Sept. 18, 2009
Editor’s Note: The University of Iowa dedicated the P. Sue Beckwith, M.D., Boathouse Friday afternoon. The new home of the UI women’s rowing team is located on the eastern bank of the Iowa River, just north of the current location of Hancher Auditorium.
IOWA CITY, Iowa — As a former University of Iowa women’s basketball letterwinner, Sue Beckwith knows something about being part of a disciplined squad focused on a common goal. But when she started rowing recreationally years later, she really came to understand teamwork.
“Rowing is a wonderful, difficult sport, the ultimate team sport,” said Beckwith, a Des Moines surgeon. “In basketball, you can take over and take the ball and do something. With rowing, you have to mirror everybody else and do the exact same thing that everybody else does. It’s just a tremendous sport.”
That appreciation for rowing led her to a Hawkeye rowing practice early one morning. The strength and determination of the student-athletes she saw that day — and the facility in which they trained so hard to represent their University — left a powerful impression.
“Rowing is a wonderful, difficult sport, the ultimate team sport. In basketball, you can take over and take the ball and do something. With rowing, you have to mirror everybody else and do the exact same thing that everybody else does. It’s just a tremendous sport.”
P. Sue Beckwith, M.D.
Now, Beckwith has forever altered the future of UI athletics and generations of student-athletes. With the help of her leadership gift to the University of Iowa Foundation, the P. Sue Beckwith, M.D., Boathouse has been built and was dedicated earlier today.
Lynette Marshall, president and CEO of the UI Foundation, hailed Beckwith’s generosity and vision at the dedication.
“Sue Beckwith is devoted to our women student-athletes,” Marshall said. “Her magnificent gift transformed the boathouse project and is an example of the power of women’s philanthropy. The P. Sue Beckwith, M.D., Boathouse is the very first building on campus named solely after a woman benefactor. She is a model for all of us.”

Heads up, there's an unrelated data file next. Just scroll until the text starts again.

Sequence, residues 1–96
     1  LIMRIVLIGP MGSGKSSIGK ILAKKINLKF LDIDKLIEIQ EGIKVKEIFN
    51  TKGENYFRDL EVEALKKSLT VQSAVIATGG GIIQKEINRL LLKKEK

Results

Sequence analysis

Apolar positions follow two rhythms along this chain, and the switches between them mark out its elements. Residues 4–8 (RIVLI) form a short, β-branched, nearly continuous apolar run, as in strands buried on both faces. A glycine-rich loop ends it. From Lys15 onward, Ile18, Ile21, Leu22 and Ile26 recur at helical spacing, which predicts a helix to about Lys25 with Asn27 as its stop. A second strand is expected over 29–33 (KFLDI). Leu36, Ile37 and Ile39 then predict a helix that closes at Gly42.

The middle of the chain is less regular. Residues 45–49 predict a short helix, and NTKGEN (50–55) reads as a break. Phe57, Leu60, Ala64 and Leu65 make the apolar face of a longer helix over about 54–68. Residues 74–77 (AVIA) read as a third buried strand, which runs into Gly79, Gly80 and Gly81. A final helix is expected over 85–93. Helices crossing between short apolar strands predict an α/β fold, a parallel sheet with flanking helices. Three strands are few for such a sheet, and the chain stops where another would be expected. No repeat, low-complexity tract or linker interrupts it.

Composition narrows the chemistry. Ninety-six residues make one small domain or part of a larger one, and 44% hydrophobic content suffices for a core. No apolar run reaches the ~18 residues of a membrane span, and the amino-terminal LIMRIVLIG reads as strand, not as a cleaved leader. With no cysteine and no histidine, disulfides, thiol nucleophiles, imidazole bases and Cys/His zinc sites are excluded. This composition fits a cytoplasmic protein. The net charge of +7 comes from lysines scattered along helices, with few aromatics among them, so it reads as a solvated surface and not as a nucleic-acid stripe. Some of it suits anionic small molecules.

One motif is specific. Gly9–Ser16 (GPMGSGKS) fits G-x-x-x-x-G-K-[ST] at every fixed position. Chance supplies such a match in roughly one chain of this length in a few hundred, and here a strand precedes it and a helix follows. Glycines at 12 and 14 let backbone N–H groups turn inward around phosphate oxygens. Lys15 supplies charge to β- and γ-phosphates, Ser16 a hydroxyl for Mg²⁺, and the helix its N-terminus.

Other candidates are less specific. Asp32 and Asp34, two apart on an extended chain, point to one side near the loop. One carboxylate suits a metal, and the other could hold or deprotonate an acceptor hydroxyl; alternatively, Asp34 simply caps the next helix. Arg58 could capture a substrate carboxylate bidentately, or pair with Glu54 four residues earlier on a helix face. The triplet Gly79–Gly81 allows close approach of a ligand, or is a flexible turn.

Beckwith, who earned two degrees from the UI (1980 B.A., 1984 M.D.), is a member of the UI Foundation Board of Directors and is an avid Hawkeye athletics supporter and fan. She was motivated to make a gift by her loyalty for her alma mater, her respect for the rowers and their coaches, and — most of all — by the dire need for the rowing team to have a permanent home.
“The team has been housed in the Iowa Advanced Technology Laboratories. When I visited their practice, the rowers had thrown tarps and pads on the floor in between the boats to do their warm-ups,” Beckwith recalls. “There were no restroom facilities, no locker room facilities. We’re not talking about the kids not having some oak-paneled lounge with big-screen TV’s. They had nothing.”
Thanks to leadership from Beckwith — who has also endowed athletic scholarships for Hawkeye rowers and women’s basketball players — that has now changed.
Gary Barta, director of UI athletics, also spoke at the dedication ceremony.
“I’ve often said that vision without resources is irrelevant,” Barta said. “Sue Beckwith’s incredible support made this vision and project relevant. We’re so grateful for her leadership and support. Without her, this building simply wouldn’t exist.”
The P. Sue Beckwith, M.D., Boathouse, built to sustain flooding, is a 20,000-square-foot facility built right on the bank of the Iowa River off of Dubuque Street in Terrill Mill Park. It features a large ergonomics room that will house the team’s rowing machines, four large boat bays, a state-of-the-art rowing tank that features moving water at various training speeds, and locker room and medical training space. The building also features a beautiful river view terrace and community room that can be used by University and community groups for gatherings. In addition to the UI Rowing team, the building houses the UI men’s club rowing team and the Old Capitol Rowing Club, a community-based rowing organization administered by UI Recreational Services.
To learn more about the facility, visit uifoundation.org/boathouse.